Also, even if the reflective tracers are not glass, they are much more abrasive than the fibers. I no longer trust 2 mm reflective cord for tight truckers hitches because I’ve sawed right through the line more than once. I only use non-reflective rope on the web loops to prolong the webbing and tie rope loops at various locations. After awhile, you can see where the rope loops have been abraded. I also use non-reflective cord for the ridge line. It’s impossible to know how much it matters, but I tend to trust Dan Cooke’s advice when it comes to tarps.

 
Lawnchair107
member (50)member
 
04/18/2021 01:40PM  
cycle003:
Tying and untying knots in Zing-It types ropes is not ideal. The hammock community has a ton of neat hardware, although I just haven’t been able to get used to hardware instead of knots. For tarps,

"


Agreed. Anytime I am using Zing-it/ Lash-it cord I am 100% using a quick release knot. You’ll really love the siberian hitch!
 
goaljohnbill
distinguished member (224)distinguished memberdistinguished memberdistinguished member
 
04/19/2021 01:42PM  
MidwestFirecraft: ...

As a side note I started using a carabiner on the standing end of the rope. You simple clip it over the ridgeline. Super easy adjustment with no knots. I then use a truckers hitch on the working end. With Dyneema you can get it tight rope tight!"


This /\ although if you aim for tight rope tight make sure you have a heavy enough biner. We werent paying attention one of the 1st times we did it and streched the standing end carabiner open from over tightening the truckers hitch. Had to get one of the spares off a boat to fix it. I have a home built sil 10*12 in a ridgeline stuff sack with ~65' of 1/8" amsteel for the ridge and permanently attached zing it for corner ties and prussiks. The standing end carabiner is permanently on the rope and sits outside of the stuff sack.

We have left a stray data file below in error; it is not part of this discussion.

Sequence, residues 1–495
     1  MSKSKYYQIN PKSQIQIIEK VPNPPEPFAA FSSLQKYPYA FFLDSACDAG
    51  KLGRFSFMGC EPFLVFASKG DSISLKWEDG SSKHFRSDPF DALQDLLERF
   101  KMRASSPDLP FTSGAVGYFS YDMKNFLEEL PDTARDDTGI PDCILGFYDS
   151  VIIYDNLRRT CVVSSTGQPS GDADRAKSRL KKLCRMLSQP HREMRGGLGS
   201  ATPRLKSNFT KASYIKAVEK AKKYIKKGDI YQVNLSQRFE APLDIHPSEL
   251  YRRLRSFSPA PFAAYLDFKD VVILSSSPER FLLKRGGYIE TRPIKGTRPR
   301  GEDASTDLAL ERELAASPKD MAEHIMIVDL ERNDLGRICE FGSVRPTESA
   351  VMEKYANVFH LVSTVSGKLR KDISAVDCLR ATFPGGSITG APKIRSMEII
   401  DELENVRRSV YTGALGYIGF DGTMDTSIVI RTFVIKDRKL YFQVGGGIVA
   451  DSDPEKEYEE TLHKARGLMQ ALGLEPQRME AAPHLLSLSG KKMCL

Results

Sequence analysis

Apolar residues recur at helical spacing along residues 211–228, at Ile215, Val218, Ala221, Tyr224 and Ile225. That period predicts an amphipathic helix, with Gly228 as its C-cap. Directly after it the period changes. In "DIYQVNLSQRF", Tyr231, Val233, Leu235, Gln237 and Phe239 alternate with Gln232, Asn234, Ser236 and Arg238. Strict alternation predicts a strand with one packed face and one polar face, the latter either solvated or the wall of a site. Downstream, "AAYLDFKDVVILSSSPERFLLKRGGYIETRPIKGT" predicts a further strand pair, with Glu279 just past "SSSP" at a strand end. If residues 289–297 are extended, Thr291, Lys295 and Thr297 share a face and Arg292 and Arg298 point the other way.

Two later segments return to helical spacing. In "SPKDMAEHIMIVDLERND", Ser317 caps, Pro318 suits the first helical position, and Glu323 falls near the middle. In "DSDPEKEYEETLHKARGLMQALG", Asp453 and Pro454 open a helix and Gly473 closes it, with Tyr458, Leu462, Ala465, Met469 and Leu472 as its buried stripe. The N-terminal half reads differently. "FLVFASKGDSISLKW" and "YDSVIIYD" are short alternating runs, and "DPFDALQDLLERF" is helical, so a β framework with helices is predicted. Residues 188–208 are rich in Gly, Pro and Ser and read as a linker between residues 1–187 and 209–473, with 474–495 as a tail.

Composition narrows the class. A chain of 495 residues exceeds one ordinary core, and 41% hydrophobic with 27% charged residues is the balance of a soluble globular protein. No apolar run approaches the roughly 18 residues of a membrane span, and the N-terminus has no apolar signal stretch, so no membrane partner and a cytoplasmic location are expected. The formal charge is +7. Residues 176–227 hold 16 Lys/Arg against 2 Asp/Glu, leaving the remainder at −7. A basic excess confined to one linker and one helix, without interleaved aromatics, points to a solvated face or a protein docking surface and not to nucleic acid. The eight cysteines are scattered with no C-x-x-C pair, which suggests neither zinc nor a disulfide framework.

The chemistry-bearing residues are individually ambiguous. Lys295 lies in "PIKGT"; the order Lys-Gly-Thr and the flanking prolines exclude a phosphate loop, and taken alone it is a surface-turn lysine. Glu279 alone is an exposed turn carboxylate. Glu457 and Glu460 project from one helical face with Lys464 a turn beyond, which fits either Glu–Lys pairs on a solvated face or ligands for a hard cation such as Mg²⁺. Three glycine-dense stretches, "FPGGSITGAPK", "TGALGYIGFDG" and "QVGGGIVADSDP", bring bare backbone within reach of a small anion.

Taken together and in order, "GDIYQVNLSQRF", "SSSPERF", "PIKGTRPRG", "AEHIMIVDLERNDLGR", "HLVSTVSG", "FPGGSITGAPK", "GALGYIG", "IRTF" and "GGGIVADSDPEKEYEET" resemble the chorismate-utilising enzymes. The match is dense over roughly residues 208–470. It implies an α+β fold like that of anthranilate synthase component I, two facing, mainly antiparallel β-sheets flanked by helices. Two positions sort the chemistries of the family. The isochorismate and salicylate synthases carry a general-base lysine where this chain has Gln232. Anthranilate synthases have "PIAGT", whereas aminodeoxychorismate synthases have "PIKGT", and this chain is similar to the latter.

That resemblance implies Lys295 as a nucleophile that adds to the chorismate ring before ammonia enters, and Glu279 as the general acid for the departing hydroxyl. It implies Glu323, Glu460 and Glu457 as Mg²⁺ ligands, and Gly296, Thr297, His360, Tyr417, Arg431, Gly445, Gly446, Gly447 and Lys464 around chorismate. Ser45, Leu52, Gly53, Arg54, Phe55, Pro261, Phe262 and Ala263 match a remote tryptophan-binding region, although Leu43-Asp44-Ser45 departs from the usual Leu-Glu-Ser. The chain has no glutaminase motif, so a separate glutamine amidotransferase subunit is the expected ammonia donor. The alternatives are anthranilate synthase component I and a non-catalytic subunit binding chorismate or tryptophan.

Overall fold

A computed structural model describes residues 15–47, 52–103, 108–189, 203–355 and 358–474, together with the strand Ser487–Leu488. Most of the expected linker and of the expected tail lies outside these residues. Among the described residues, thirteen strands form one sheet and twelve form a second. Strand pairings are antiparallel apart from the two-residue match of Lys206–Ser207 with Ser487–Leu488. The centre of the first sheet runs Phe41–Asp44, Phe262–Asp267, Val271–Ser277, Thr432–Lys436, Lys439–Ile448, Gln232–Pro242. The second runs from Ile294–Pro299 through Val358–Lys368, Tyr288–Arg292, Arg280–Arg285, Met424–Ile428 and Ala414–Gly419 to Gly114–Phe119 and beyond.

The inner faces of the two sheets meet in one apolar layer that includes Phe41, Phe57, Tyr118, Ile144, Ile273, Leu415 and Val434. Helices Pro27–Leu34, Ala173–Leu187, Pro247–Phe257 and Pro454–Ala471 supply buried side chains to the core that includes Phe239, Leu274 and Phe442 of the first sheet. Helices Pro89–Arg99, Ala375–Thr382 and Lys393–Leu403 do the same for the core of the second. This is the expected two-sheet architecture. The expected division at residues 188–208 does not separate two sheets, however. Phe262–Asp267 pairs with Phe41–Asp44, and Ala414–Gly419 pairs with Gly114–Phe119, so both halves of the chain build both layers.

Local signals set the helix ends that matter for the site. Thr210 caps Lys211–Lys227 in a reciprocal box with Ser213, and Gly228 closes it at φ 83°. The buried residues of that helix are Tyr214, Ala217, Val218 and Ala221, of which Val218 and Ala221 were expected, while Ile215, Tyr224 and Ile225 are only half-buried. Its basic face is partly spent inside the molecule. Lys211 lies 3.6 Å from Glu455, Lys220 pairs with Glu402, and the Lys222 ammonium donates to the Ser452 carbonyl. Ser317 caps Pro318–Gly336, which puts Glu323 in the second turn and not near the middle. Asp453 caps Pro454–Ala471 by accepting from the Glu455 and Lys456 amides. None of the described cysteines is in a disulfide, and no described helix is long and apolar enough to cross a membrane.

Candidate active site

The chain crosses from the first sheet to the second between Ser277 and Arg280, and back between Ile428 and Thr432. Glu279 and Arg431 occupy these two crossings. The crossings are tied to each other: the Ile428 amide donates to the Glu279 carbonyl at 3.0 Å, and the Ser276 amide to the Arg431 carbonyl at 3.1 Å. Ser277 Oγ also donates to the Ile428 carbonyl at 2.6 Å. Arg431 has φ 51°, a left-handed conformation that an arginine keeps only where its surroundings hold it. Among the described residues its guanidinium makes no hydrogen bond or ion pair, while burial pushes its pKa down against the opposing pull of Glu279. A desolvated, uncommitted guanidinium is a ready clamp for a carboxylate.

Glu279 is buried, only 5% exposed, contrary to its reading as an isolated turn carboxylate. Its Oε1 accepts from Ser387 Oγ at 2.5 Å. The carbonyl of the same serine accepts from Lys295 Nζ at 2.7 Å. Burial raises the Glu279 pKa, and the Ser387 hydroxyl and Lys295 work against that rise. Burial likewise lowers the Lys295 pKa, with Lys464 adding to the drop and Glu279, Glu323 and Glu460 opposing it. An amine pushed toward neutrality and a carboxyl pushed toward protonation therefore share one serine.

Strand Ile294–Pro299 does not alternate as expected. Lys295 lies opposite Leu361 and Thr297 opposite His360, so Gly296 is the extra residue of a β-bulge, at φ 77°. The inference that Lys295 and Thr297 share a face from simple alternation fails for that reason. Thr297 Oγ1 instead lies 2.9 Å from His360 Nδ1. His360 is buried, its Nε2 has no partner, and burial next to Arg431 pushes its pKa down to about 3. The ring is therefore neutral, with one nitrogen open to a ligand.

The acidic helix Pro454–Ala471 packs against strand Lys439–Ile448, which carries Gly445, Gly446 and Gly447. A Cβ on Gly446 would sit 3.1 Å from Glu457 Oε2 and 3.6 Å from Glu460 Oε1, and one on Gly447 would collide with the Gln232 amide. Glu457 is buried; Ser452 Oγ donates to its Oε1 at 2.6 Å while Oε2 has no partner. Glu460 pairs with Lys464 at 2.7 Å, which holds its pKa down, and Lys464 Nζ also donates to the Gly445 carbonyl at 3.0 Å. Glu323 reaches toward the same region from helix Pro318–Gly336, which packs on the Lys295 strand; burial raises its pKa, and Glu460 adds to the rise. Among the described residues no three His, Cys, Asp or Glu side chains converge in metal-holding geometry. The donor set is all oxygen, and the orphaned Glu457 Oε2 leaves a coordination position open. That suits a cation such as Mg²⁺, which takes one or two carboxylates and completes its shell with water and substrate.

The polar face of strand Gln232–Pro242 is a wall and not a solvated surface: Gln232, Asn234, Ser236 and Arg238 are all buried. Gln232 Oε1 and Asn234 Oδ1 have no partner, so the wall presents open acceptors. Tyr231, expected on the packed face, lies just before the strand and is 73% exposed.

Argo
distinguished member (217)distinguished memberdistinguished memberdistinguished member
 
04/19/2021 06:10PM  
goaljohnbill: "MidwestFirecraft: ...


As a side note I started using a carabiner on the standing end of the rope. You simple clip it over the ridgeline. Super easy adjustment with no knots. I then use a truckers hitch on the working end. With Dyneema you can get it tight rope tight!"



This /\ although if you aim for tight rope tight make sure you have a heavy enough biner. We werent paying attention one of the 1st times we did it and streched the standing end carabiner open from over tightening the truckers hitch. Had to get one of the spares off a boat to fix it. I have a home built sil 10*12 in a ridgeline stuff sack with ~65' of 1/8" amsteel for the ridge and permanently attached zing it for corner ties and prussiks. The standing end carabiner is permanently on the rope and sits outside of the stuff sack."


You still need to knot the carabiner to the cord. Why not just tie a permanent bowline at the standing end, come around the tree and feed a bite through and secure it with a toggle (stick). Less weight and less hardware.
 
04/19/2021 07:05PM  
BWCAgoer: "Planning to get the 10x14 CCS tarp 1.1oz.

I’ve mastered the Siberian hitch as shown in this video.

https://youtu.be/f-xNVIbNVJM

What do you mean tying it “high above reach”?"


SIberian hitch is a slip knot, so you can throw the working end up over a tree branch, tie the knot and then cinch it so your anchor point it now up at the branch level. Be sure to leave enough line hanging off the knot in reach to untie. Or a loop you can untie with a stick as shown at the end of this video,
 
tomo
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04/21/2021 02:01PM  
Zing it for ridgeline and tie outs, dutchware hardware for ridgeline (dutch hook, wasp), NAMA claws in place of prusik NAMA CLAWS

 
Lawnchair107
member (50)member
 
04/21/2021 03:14PM  
tomo: "Zing it for ridgeline and tie outs, dutchware hardware for ridgeline (dutch hook, wasp), NAMA claws in place of prusik NAMA CLAWS
"


How are the NAMA Claws? Do they eat up the line at all when theyre in use?
 
tomo
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04/22/2021 08:56AM  
I’ve been pleased with them. I was worried about what they might do to my rope, but I haven’t noticed any damage.
 
schweady
distinguished member(7318)distinguished memberdistinguished memberdistinguished memberdistinguished memberpower member